I've posted a lot on Mike McConnell but Glenn has the final takedown
[I]t isn't that people like Mike McConnell move from public office to the private sector and back again. That implies more separation than really exists. At this point, it's more accurate to view the U.S. Government and these huge industry interests as one gigantic, amalgamated, inseparable entity -- with a public division and a private one. When someone like McConnell goes from a top private sector position to a top government post in the same field, it's more like an intra-corporate re-assignment than it is changing employers. When McConnell serves as DNI, he's simply in one division of this entity and when he's at Booz Allen, he's in another, but it's all serving the same entity (it's exactly how insurance giant Wellpoint dispatched one of its Vice Presidents to Max Baucus' office so that she could write the health care plan that the Congress eventually enacted).
In every way that matters, the separation between government and corporations is nonexistent, especially (though not only) when it comes to the National Security and Surveillance State. Indeed, so extreme is this overlap that even McConnell, when he was nominated to be Bush's DNI, told The New York Times that his ten years of working "outside the government," for Booz Allen, would not impede his ability to run the nation's intelligence functions. That's because his Booz Allen work was indistinguishable from working for the Government, and therefore -- as he put it -- being at Booz Allen "has allowed me to stay focused on national security and intelligence communities as a strategist and as a consultant. Therefore, in many respects, I never left."
the wapo editorial was a blatant pitch focusing on three main points... one, the u.s. cyber-network is highly vulnerable to hostile attack... two, we should be very, very afraid, and three, the task of strengthening defenses against such attacks should be given to defense contractors... but glenn says it so much better than i do...
The overarching theme is all-too-familiar: we face a grave threat from Terrorists and other Very Bad People ("cyber wars"), and our only hope for protection is to vest the Government with massive new powers. Specifically, McConnell advocates a so-called "reeingeer[ing] of the Internet" to allow the Government and private corporations far greater capability to track what is being done over the Internet and who is doing it:
The United States is fighting a cyber-war today, and we are losing. It's that simple. . . . If an enemy disrupted our financial and accounting transactions, our equities and bond markets or our retail commerce -- or created confusion about the legitimacy of those transactions -- chaos would result. Our power grids, air and ground transportation, telecommunications, and water-filtration systems are in jeopardy as well.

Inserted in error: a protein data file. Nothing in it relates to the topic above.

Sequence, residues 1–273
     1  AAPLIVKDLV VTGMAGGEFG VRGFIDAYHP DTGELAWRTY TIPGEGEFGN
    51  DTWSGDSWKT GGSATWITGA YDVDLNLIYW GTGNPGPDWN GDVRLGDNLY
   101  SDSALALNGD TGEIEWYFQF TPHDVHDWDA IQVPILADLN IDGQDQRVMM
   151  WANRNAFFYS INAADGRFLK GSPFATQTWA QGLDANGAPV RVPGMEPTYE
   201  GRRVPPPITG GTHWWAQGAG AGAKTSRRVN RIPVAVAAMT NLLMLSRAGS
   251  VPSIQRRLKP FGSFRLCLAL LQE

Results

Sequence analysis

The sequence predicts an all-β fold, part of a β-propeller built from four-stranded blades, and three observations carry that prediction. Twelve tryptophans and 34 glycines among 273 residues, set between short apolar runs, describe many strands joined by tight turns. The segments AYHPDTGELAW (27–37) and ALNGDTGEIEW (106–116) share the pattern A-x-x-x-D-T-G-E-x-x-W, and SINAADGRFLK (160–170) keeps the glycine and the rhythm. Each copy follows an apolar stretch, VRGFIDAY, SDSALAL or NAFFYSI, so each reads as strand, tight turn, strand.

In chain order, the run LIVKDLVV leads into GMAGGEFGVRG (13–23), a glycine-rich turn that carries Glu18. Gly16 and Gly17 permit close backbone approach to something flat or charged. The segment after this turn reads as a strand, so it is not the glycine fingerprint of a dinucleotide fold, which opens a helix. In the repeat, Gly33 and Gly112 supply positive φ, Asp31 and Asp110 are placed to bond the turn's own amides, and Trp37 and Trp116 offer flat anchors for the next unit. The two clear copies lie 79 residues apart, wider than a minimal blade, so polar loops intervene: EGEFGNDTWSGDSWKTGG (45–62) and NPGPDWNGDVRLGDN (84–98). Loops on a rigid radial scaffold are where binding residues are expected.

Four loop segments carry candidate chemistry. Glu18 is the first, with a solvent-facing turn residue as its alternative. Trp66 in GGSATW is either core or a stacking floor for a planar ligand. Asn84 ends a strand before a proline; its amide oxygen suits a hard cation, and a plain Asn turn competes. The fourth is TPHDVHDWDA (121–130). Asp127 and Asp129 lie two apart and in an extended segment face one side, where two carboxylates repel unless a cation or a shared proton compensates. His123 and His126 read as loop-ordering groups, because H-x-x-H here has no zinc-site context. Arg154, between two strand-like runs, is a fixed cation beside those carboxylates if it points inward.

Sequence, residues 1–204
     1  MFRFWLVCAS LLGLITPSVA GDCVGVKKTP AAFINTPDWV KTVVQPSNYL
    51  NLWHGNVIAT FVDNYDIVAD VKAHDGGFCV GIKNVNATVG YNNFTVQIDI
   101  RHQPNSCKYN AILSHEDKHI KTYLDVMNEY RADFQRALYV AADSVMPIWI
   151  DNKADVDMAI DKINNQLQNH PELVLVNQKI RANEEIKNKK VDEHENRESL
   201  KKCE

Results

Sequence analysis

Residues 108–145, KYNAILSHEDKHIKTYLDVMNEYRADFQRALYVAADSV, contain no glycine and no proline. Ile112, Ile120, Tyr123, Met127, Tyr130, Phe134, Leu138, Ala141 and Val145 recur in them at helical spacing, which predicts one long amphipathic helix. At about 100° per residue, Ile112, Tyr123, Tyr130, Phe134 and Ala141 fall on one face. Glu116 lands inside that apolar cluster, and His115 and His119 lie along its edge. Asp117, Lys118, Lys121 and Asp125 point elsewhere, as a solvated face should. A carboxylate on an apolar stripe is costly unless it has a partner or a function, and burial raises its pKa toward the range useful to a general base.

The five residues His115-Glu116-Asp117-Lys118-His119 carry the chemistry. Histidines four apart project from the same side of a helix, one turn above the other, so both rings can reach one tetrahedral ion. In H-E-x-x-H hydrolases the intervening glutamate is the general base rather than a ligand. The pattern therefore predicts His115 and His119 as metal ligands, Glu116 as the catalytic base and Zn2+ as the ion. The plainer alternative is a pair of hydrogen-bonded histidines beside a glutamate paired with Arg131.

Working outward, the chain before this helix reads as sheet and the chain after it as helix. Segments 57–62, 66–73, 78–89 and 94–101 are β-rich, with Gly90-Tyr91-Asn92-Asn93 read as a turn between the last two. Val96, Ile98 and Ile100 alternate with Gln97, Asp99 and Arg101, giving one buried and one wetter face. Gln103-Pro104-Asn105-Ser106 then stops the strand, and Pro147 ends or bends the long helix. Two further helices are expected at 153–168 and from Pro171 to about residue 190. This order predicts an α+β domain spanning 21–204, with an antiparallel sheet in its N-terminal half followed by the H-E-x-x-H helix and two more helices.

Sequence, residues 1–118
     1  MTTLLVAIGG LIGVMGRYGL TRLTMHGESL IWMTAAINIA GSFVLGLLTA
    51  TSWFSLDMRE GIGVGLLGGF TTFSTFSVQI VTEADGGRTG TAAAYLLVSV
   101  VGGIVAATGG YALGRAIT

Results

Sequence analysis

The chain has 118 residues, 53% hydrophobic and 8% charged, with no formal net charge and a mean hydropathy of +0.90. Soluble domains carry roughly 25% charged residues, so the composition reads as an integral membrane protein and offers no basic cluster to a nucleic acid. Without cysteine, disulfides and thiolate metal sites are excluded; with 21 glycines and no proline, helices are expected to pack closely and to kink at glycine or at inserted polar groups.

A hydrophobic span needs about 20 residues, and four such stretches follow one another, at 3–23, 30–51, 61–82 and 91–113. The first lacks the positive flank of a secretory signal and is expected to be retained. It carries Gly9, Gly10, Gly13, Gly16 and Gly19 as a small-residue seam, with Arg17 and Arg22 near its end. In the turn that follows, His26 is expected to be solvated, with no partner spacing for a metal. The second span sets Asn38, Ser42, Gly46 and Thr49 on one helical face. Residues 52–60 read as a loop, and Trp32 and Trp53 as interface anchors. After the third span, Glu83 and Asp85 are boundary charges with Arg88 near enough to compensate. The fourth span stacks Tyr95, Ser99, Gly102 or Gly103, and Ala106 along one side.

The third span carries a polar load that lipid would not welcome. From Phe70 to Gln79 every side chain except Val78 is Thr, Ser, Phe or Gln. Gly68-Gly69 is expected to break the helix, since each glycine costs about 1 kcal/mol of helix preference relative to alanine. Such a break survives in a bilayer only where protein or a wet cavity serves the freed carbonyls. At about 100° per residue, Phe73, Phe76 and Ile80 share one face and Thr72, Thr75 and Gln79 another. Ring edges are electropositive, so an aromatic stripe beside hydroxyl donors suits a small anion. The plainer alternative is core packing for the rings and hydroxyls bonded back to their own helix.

Scary! And what do we need to submit to in order to avoid these calamities? This:
The United States must also translate our intent into capabilities. We need to develop an early-warning system to monitor cyberspace, identify intrusions and locate the source of attacks with a trail of evidence that can support diplomatic, military and legal options -- and we must be able to do this in milliseconds. More specifically, we need to reengineer the Internet to make attribution, geolocation, intelligence analysis and impact assessment -- who did it, from where, why and what was the result -- more manageable.
In one sense, this is just typical fear-mongering of the type the National Security State has used for decades to beat frightened Americans into virtually full-scale submission: you are in grave danger and you can be safe only by vesting in us far greater power, which we'll operate in secret: here, allowing us to "reengineer" the Internet so we can control it.
But there's something even worse going on here. McConnell doesn't merely want to empower the Government to control the Internet this way; he wants to empower private corporations to do so -- the same corporations which pay him and whose interests he has long served. He notes that this "reengineering" is already possible because "the technologies are already available from public and private sources," and explicitly calls for a merger of the NSA with private industry to create a sprawling, omnipotent network for monitoring the Internet...
In other words, not only the Government, but the private intelligence corporations which McConnell represents (and which are subjected to no oversight), will have access to virtually unfettered amounts of information and control over the Internet, and there should be "no borders" between them. And beyond the dangerous power that will vest in the public-private Surveillance State, it will also generate enormous profits for Booz Allen, the clients it serves and presumably for McConnell himself -- though The Washington Post does not bother to disclose any of that to its readers. The Post basically allowed McConnell to publish in its Op-Ed pages a blatant advertisement for the private intelligence industry while masquerading as a National Security official concerned with Keeping America Safe.
yeah, even though i did my own sound-off on this obscene op-ed piece and the incredible hubris of a guy like mcconnell, it's worth having another go at it...
my other posts on mcconnell, dating back to 2006 can be found here... Submit To Propeller